On Wednesday, November 30, the U.S. House of Representatives passed the 21st Century Cures Act (H.R. 34) on an overwhelmingly bipartisan vote of 392-26. The almost 1,000-page bill is designed for medical innovation, additional funding for cancer research, and to combat the nation’s growing opioid and heroin epidemic. But opponents say what the bill includes continues and advances corruption. Plus, they don’t like the fact it’s being considered and voted on by a lame-duck Congress, some of whose members weren’t re-elected in November and will be leaving, soon.

Congressman DeSaulnier (D, CA-11), who represents most of Contra Costa County and voted for the bill, issued the following statement lauding its passage.

“This legislation will help ensure the National Institutes of Health (NIH) have the resources needed to continue important work improving biomedical research and developing innovative treatments. Included in the bill is funding for the Vice President’s Cancer Moonshot, which is essential to continuing the program under the new Administration, as well as funds to combat the growing opioid and heroin epidemic facing our country. While this bill is not perfect, it provides $4.8 billion in new funding to ensure NIH is able to further its work for patients and families relying on research, treatment and recovery options. As a survivor of cancer and a beneficiary of the remarkable progress this country has made in treatment and research, I know all too well the value of these investments and how many lives can be saved as a result.”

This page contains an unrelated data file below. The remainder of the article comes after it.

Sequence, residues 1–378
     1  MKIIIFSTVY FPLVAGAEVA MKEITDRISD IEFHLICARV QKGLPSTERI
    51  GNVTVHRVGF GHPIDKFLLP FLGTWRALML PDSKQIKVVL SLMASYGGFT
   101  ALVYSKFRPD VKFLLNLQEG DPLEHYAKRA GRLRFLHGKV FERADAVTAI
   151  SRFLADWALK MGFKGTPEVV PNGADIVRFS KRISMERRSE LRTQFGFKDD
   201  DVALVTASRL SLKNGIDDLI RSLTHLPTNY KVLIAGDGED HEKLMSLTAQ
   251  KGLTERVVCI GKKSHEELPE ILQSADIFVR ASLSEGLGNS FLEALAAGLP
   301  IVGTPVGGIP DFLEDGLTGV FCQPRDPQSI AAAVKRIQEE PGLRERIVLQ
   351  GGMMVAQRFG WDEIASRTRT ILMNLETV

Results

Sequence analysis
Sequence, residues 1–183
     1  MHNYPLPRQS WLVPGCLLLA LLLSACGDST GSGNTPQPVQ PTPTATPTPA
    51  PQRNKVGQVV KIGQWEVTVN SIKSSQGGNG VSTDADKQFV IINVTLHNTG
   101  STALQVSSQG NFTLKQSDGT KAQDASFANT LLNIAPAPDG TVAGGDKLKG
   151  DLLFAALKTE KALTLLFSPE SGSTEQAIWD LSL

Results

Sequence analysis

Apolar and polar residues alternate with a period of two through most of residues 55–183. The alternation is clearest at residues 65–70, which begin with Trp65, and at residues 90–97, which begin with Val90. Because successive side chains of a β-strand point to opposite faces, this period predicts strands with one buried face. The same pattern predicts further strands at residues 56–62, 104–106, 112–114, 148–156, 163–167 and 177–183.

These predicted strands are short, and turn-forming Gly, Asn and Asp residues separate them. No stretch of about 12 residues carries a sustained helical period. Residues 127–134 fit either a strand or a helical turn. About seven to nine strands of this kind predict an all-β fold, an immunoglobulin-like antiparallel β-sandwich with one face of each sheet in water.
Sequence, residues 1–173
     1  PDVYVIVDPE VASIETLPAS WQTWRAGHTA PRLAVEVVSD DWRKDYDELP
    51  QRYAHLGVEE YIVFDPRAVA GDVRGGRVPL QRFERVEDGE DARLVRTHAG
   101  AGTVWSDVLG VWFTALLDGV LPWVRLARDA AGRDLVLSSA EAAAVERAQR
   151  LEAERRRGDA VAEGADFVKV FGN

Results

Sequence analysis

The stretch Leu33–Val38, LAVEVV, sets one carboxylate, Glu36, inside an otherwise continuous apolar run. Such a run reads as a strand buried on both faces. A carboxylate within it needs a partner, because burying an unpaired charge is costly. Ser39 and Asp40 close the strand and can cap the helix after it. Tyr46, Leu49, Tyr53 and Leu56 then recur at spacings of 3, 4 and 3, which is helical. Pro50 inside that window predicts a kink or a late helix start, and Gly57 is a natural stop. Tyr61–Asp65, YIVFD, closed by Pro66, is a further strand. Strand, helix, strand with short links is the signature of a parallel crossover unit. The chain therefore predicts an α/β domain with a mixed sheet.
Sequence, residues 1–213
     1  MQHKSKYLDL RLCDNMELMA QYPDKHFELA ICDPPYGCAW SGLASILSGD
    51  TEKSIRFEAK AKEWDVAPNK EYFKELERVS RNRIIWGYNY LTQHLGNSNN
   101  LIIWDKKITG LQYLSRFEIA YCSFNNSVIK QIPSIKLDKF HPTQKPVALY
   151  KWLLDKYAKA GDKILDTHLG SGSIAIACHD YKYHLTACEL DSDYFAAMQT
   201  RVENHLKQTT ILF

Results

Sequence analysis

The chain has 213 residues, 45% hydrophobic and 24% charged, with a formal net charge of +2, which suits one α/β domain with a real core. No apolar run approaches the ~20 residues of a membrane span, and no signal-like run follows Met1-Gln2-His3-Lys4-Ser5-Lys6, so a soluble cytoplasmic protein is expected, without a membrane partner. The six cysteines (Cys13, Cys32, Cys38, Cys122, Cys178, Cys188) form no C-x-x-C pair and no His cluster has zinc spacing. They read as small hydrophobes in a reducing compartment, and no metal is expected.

According to other news reports, the legislation was introduced by Rep. Fred Upton, R-Michigan and Rep. Diana DeGette, D-Colo., “in hopes of speeding up the discovery, development and delivery of life-saving drugs and devices for diseases such as cancer, Alzheimer’s and diabetes. It passed the House 344-77 in July, but later stalled in the Senate. A reworked version was released last weekend.”

Congressman DeSaulnier offered an amendment to the bill, which would have helped improve doctor-patient communication when patients are diagnosed and receiving treatment for severe or chronic diseases. No amendments were included in the final version of the bill. He will continue to work on these important issues.

White House Supports

The bill will now go to the Senate for a final vote and if passed the White House has indicated President Obama will sign it. In a statement, issued Wednesday, White House Press Secretary Josh Earnest praised the passage of the bill.